BQLive Volunteer Guide: Mischief Managed? – Minimising Human-Macaque Conflict

A Long-tailed Macaque at Sisters’ Islands

Long-tailed Macaques (Macaca fascicularis) are probably Singapore’s most well-known primate species. Also known as the Crab-eating Macaques, these intelligent animals are known to make tools to help them forage. Being opportunistic and resourceful, it is no wonder they have done well in navigating our urban landscape. Though primarily found in Nature Reserves and Nature Parks, there have been several incidents of macaques ‘trespassing’ into residential areas nearby. 

So what are some methods that have been employed to manage this? 

#1 Culling

Probably the most controversial tactic – aside from being a morally-charged issue, there is little scientific backing that it solves the key problems. The use of culling as a management strategy has come under scrutiny several times, particularly when it was found that almost 360 macaques (or about 1/5 of the population!) had been culled in early 2013, in response to a rise in complaints.

Culling may remove certain problem individuals or troops. But others in the vicinity could still move into the territory they once occupied. It is hardly a long-term solution, so what more could be done?

#2 Monkey Guarding

In 2015, ACRES launched a programme at six condominiums bordering Bukit Timah Nature Reserve to train security guards in Monkey Guarding techniques. These involved specially-trained guards being stationed at an area where macaques are known to enter, then approaching the alpha male, and blocking the troop’s route in an assertive but non-aggressive manner. This could be done by tapping the ground with a long stick, and telling the macaques to leave in a firm voice. Over time, this negative reinforcement causes the troop to modify their route, and they will be less likely to enter the residential area.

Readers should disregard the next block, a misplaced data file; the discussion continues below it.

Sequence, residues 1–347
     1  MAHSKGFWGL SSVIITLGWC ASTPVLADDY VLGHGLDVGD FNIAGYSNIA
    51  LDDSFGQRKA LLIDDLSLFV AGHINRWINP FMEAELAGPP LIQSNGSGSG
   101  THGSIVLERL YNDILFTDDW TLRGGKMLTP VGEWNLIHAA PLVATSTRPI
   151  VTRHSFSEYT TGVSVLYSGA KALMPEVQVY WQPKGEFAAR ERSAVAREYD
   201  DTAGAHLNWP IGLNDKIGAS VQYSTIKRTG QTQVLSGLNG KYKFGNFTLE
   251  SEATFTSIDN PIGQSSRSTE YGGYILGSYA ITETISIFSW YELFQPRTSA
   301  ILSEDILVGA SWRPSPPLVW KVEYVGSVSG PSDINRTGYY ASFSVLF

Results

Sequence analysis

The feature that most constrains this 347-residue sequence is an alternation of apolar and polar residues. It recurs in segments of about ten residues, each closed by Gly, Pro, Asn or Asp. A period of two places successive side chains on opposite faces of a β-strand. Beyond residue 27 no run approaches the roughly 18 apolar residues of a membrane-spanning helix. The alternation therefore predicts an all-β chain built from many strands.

The Monkey Guarding programme was handed over to the Jane Goodall Institute (Singapore) in 2016, and also expanded to include the condominium residents and volunteers. Thus, more members of the community had a chance to play their part in encouraging a harmonious coexistence with their primate neighbours. 

#3 No Feeding Campaign

In 2019, a three-year ‘No Feeding’ campaign was launched by the Jane Goodall Institute (Singapore). This campaign will encompass education initiative (such as guided walks and outreach talks) and training in Monkey Guiding techniques. In addition, a three-year long study by NParks and NUS was announced, which aims to gather data on the macaques’ behaviour, movement and diet. 

Hopefully, these initiatives can improve our collective understanding of this species, and promote responsible interactions between humans and wildlife as a whole.

Want to know more about Long-tailed Macaques, and how we can tackle the issue of human-macaque conflict? Join our next Burning Questions LIVE with a Volunteer Guide from the Jane Goodall Institute (Singapore)RSVP by Wednesday 20 May 2020. 


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